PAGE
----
Nitrogen: the key to high cabbage yield

A shortage of nitrogen is the single most common reason for a cabbage crop not reaching its full yield potential. This applies equally to the quantity applied as to how to conserve it and maintain its correct level.

Nitrogen: the key to high cabbage yield
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Nitrogen (N) comes in different forms and can easily be leached from the soil. We should anticipate leaching and take appropriate measures when it happens. A wait- and-see approach will cause a loss in yield. All the required nitrogen can be applied at planting and some farmers do so successfully. But they may lose out badly if heavy rain leaches the nitrogen from the soil.

How much nitrogen is required? Usually around 200kg N/ha. It depends on how much is already present in the soil before fertilising as well as how much nitrogen is tied up in organic matter and becomes available when the organic matter mineralises, which in turn depends on weather conditions. Many variables are involved. But with a significant difference in profitability between an average crop and a good crop, rather disregard these variables and stick to the recommended dosage. In other words, don’t stint on nitrogen!

A major mistake
Some farmers believe that half the nitrogen should be applied before transplanting, and that all of it must be applied before 28 days after transplanting. They also think that any nitrogen applied subsequently will have no effect. All of this is nonsense emanating from flawed trial work. It has led to great production losses over a number of years. In the trial where the ‘advice’ originated, applying a large amount of nitrogen at the start in reality gave the same effect as applying a small amount near the plant at a young age.

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You can apply 100kg N over the entire area, mixed in to a depth of 20 cm. But it will take many weeks for the roots to reach all of this. Once converted from the ammonia form to the nitrate form, which may take place in a matter of days, it is vulnerable to leaching with heavy rain, even in a day or two. If it does not rain heavily during the trial, you can expect good results. But next year, under the same management, the yield might be disastrous. It all depends on the rain and on irrigation. It is possible to lose all the nitrogen before the roots can get near it.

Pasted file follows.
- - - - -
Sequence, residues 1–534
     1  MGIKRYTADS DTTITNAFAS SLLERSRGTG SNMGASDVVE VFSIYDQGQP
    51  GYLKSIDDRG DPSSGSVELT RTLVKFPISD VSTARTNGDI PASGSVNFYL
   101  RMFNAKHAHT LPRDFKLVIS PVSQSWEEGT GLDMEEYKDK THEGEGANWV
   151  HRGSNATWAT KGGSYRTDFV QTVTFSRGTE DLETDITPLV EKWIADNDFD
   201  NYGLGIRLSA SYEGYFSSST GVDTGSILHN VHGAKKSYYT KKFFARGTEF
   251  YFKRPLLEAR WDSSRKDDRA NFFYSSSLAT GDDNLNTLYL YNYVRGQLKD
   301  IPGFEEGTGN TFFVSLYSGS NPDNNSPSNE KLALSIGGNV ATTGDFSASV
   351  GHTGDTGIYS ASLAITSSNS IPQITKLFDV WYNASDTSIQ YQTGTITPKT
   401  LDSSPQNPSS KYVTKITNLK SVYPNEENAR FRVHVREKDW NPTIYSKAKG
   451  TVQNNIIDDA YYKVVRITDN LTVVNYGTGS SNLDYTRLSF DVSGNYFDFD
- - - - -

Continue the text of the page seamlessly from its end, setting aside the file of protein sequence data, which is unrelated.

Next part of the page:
The amount of nitrogen that can be taken up by a plant’s roots depends not on the amount of N in the soil but on its concentration in the soil solution. Band-placing 30kg N in a strip 10cm wide near the plant five days from transplanting is equivalent to 180kg broadcast in its effect on the concentration in the soil solution where the plant roots reach. Applied as LAN, half will be in the ammonia form, which is immobile and not accessible to the plant until converted, while the nitrate fraction will be immediately available to the plant. The two forms provide an element of safety in that half the nitrogen cannot be leached immediately.

A simple method
When a root system has spread widely, the individual roots can reach more nitrogen. The newly transplanted cabbage requires very little nitrogen as its biomass is so low, but it still needs the higher concentration in its root zone to stimulate it to form a frame that can develop to a maximum size head. The most economical way to work with nitrogen is to apply 2g to 3g of LAN near to, but not touching, the stem of the young plant. The saving seldom justifies the cost of labour of doing so, however.

Rather cut a hole in the corner of an empty fertiliser bag, tie a length of pipe into the hole, and roll the bag down halfway. Then walk down the row and direct the trickle of fertiliser to a band near the plants. One worker can do one hectare in a day this way.Alternatively, devise an implement for a tractor to band-place the fertiliser alongside the row. You can even apply it over the plants if the leaves are dry and irrigation follows shortly afterwards. Some farmers simply broadcast a large amount of fertiliser over the entire area, using enough to get the concentration right and taking a chance on not losing fertiliser between the rows to leaching.

How to apply LAN for the best results
Three applications of LAN are required. The first must be within the first week of transplanting. Apply 100kg/ha LAN close to the plants.The second application should come two weeks later. It does not have to be close to the plants; broadcasting will be effective at this stage. Apply about 200kg/ha. The third application should follow two to three weeks later. Apply 200kg/ha to 250kg/ha.

A fourth may be necessary depending on rain and conditions. More applications provide a greater level of protection against leaching. Keep an eye on the colour of the crop at all stages. This will show if you are not providing enough nitrogen. In summer, if you apply LAN 10 days before heavy rain, you should assume that the ammonia fraction has already converted
to nitrate and there is a good possibility that it has all leached away. Rather than wait and see if this is so, re-apply nitrogen. This is better than losing yield.

Manure and nitrogen

If you are using cattle manure, even if you have calculated how much nitrogen you have applied, take into account that this nitrogen will become available over a long period. The length of this will depend on soil and climatic conditions. On the plus side, the nitrogen leaching is slowed down. Most farmers prefer to work with recipes and formulas to make management and planning easy. With nitrogen, however, we have to work with experience and observation to ensure successful cabbage farming.